''MAPPE-MONDE…'' Brion de la Tour Paris: Louis Charles Desnos, c. 1766. Fine engraved map with original hand-coloring – surrounds later color.(Map: 9 1/8 x 10 3/8’’ – Sight: 15x21’’)
This attractive historical map was published in Paris at a time when France was leading both in scientific mapping and cartographic artistry. It shows the world with continents in contrasting colors. Of particular note is the mythical ''Mer de l’Ouest'' in the vicinity of Vancouver.
The Northwest Passage is still shown plausible with the ''Baye de Baffin'' connected by river and lake to the Pacific Ocean. This was derived from the apocryphal voyages of the Spanish Admiral Bartholome de Fonte and Juan de Fuca. (According to legend, de Fonte sailed north along the Pacific coast discovering several bays and rivers in the Northwest. Supposedly, while sailing inland, he came in contact with a ship claiming to have traveled west from Boston. De Fuca claimed discovery of a large inland sea in this same region of the Northwest. For years map makers speculated on various theories - some wildly imaginative).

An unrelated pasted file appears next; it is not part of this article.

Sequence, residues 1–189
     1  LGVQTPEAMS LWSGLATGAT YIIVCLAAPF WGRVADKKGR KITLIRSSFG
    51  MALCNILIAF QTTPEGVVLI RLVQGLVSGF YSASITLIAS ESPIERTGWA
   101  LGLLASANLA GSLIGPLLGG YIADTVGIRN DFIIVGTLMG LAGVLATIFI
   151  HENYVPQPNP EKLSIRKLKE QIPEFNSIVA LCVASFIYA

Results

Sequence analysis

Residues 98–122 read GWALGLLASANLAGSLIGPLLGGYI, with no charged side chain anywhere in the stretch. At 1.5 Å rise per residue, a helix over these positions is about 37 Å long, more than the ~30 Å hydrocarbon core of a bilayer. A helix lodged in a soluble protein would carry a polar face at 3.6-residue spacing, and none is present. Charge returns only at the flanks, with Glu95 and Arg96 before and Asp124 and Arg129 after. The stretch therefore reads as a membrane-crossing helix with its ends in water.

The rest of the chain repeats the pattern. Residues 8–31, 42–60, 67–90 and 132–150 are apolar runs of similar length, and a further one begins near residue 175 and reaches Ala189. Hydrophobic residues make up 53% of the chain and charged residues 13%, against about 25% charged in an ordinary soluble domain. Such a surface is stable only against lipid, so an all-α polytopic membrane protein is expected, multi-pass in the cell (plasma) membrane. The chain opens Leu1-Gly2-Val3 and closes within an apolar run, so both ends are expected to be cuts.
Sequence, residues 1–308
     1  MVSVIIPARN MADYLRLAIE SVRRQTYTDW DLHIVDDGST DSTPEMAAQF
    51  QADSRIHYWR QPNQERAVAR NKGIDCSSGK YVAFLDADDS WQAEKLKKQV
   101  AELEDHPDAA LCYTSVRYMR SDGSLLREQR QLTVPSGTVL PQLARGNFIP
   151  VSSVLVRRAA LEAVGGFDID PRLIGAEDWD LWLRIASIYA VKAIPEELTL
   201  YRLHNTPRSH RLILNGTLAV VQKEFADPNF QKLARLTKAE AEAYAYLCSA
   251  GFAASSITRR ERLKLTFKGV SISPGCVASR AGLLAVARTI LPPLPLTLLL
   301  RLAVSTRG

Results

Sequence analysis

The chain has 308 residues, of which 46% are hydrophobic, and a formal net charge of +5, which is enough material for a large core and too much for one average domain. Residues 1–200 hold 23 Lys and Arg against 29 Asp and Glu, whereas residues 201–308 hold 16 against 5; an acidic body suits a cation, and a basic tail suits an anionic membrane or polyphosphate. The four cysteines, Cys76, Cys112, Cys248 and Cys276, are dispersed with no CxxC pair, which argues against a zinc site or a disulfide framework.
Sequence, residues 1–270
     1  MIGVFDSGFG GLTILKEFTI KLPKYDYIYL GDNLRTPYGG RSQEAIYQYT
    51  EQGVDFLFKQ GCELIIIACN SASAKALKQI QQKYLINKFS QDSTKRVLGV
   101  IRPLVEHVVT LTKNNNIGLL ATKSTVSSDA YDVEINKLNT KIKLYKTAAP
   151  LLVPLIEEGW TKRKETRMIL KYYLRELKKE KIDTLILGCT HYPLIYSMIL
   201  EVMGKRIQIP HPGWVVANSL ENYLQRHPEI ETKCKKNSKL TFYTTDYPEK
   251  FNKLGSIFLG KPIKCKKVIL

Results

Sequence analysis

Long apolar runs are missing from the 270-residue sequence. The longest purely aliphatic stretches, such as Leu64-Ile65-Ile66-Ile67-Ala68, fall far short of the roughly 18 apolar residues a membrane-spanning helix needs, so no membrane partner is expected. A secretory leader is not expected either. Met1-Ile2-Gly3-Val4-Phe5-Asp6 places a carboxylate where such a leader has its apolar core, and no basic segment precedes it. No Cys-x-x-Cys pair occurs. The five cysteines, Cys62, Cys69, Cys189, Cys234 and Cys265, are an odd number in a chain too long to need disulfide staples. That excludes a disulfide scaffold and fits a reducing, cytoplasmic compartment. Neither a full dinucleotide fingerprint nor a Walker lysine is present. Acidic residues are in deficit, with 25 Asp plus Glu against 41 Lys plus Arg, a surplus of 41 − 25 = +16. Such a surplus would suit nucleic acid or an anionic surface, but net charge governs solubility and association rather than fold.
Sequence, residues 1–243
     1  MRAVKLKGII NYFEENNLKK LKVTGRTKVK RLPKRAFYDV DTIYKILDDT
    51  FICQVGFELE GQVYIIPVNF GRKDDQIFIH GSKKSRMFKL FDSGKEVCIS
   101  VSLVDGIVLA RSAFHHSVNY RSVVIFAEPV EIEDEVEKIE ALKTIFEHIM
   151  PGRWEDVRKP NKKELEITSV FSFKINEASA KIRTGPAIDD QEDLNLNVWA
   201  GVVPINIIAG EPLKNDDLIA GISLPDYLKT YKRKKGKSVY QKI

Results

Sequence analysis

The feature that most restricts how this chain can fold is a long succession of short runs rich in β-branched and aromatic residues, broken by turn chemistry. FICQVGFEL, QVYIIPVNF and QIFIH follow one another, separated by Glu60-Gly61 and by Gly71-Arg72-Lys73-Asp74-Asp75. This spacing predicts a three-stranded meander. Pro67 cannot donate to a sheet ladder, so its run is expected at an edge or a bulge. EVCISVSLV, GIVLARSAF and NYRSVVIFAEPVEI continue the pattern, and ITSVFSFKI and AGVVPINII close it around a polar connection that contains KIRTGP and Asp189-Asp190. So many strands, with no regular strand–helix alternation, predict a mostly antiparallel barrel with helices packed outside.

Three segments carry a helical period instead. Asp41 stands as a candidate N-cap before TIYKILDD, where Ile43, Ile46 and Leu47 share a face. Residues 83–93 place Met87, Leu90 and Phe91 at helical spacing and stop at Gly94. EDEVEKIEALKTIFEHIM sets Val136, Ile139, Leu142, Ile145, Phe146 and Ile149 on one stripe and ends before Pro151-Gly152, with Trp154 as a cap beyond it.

The two hemispheres are supported on the shoulders of two men. Panels of French text are on either side of the map and surrounded by an elaborately engraved border with cherubs studying the earth and heavens. The map and border were printed from two separate plates and then assembled with the text panels for the atlas.
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